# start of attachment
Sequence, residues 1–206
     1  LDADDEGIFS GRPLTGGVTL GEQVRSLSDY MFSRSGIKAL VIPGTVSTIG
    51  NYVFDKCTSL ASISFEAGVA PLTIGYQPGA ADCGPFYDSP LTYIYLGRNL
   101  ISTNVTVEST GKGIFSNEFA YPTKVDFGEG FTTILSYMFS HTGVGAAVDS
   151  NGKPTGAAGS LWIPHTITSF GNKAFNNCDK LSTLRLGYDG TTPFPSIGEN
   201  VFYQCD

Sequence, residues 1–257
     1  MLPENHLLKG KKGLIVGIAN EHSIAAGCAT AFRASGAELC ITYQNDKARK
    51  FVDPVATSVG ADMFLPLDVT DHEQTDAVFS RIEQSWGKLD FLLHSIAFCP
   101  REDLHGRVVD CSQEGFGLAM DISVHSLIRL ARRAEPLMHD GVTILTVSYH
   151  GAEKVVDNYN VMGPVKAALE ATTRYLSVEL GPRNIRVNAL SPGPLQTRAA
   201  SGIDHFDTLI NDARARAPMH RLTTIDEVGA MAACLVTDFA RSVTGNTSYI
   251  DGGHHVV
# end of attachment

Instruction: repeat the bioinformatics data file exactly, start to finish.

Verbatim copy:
Sequence, residues 1–206
     1  LDADDEGIFS GRPLTGGVTL GEQVRSLSDY MFSRSGIKAL VIPGTVSTIG
    51  NYVFDKCTSL ASISFEAGVA PLTIGYQPGA ADCGPFYDSP LTYIYLGRNL
   101  ISTNVTVEST GKGIFSNEFA YPTKVDFGEG FTTILSYMFS HTGVGAAVDS
   151  NGKPTGAAGS LWIPHTITSF GNKAFNNCDK LSTLRLGYDG TTPFPSIGEN
   201  VFYQCD

Sequence, residues 1–257
     1  MLPENHLLKG KKGLIVGIAN EHSIAAGCAT AFRASGAELC ITYQNDKARK
    51  FVDPVATSVG ADMFLPLDVT DHEQTDAVFS RIEQSWGKLD FLLHSIAFCP
   101  REDLHGRVVD CSQEGFGLAM DISVHSLIRL ARRAEPLMHD GVTILTVSYH
   151  GAEKVVDNYN VMGPVKAALE ATTRYLSVEL GPRNIRVNAL SPGPLQTRAA
   201  SGIDHFDTLI NDARARAPMH RLTTIDEVGA MAACLVTDFA RSVTGNTSYI
   251  DGGHHVV